However, putting this theory into practice is not always easy. There are many different methods to find out such a margin of safety. So let’s see if we can determine such a “Margin of Safety” for today’s “Fundamental Stock Pick Of The Week”.
The Price/Earnings ratio (P/E ratio) tells investors the ratio of a company’s share price to the company’s earnings per share. This figure shows you how many years you will have to wait until you have recovered your purchase price per share with the earnings per share. So if a company has a P/E ratio of 10, it would take ten years for your profits to be as high as the price you paid for your investment. One can also say that it would take ten years before the company could buy itself with the profit. Accordingly, one can first make a general statement: The lower the P/E ratio, the cheaper the stock appears.
However, you should know some potential pitfalls here. This calculation assumes stable earnings for the future. However, profits may drop in the future. Likewise, earnings can be “whitewashed” through accounting measures. It is, therefore, essential to conduct a thorough analysis and not just rely on the current P/E ratio!
Regarding General Mills, we see that the company is trading below its 5-year median P/E ratio.
That’s a good sign. But we also noticed that the company was struggling with some revenue problems (see above). Revenue problems naturally justify a discount on the P/E ratio. However, you can also see that the market has traded General Mills at a much higher valuation.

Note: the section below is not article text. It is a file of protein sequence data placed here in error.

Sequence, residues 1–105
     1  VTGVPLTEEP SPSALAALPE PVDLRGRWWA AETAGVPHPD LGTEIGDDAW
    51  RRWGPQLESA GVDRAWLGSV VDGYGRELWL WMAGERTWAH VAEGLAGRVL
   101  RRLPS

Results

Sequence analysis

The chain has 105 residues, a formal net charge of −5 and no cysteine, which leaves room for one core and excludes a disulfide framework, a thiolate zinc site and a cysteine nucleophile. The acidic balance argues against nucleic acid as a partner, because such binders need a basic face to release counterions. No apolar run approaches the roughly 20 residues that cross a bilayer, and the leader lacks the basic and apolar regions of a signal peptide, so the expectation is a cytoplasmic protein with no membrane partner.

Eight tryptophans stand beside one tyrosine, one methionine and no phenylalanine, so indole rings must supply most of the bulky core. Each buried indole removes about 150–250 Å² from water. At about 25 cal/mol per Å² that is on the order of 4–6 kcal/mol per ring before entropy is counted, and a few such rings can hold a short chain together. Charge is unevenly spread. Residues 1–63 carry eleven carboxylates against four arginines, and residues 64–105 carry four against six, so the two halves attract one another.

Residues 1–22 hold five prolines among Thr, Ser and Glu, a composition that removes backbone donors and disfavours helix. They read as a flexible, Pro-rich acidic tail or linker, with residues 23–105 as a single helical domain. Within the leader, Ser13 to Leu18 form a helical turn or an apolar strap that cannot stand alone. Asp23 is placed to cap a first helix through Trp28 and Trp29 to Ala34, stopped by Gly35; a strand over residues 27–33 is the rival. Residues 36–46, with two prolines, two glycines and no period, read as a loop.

General Mills pays above-average dividends
Dividends can indicate a company’s intrinsic value. Dividends are payments made by a company to its shareholders. Every shareholder who holds shares in the company on the ex-dividend date is entitled to receive dividends (click here for TEV’s dividend calendar). The dividend yield is the ratio of the dividend payment per share to the share price. If a share costs $100, and the company pays $2 in dividends per share, the dividend yield is 2 percent.
But you must also be careful when considering dividend yields in isolation. An unusually high dividend yield (especially anything above 7 or 8 percent) is a big red warning sign. The market gives you no presents, and with a high chance always comes high risk. Maybe, the cash flow or the profit does not cover future payouts, so that the company has to reduce or even cancel the payouts. Therefore, we have to consider other variables, such as the payout ratio.
The payout ratio shows you what percentage of profit the company would have to spend to finance the dividend payout. Anything over 100 percent is, of course, not good, because the company then cannot save for bad times or finance further growth. In such constellations, investors must be particularly careful.
General Mills pays dividends. The dividend scoreboard looks as follows:
Dividend Yield: 3.13Percent
Payout Ratio: 55.27
Dividend Growth: 0 Years.
After the expensive Blue Buffalo takeover, General Mills has decided not to increase the dividend to be able to reduce debt more quickly. With a dividend yield of over 3 percent, however, the company is above average.
The payout ratios have recently fallen again somewhat, which is a good sign. A lower payout ratio leaves more money to invest in growth or even to increase the dividend. Unfortunately, the dividend yield has fallen somewhat due to the share price increases. However, it is still in the upper third if you look at the last 10 years.
Furthermore, the payout ratio shows us that General Mills’ dividend is not in question.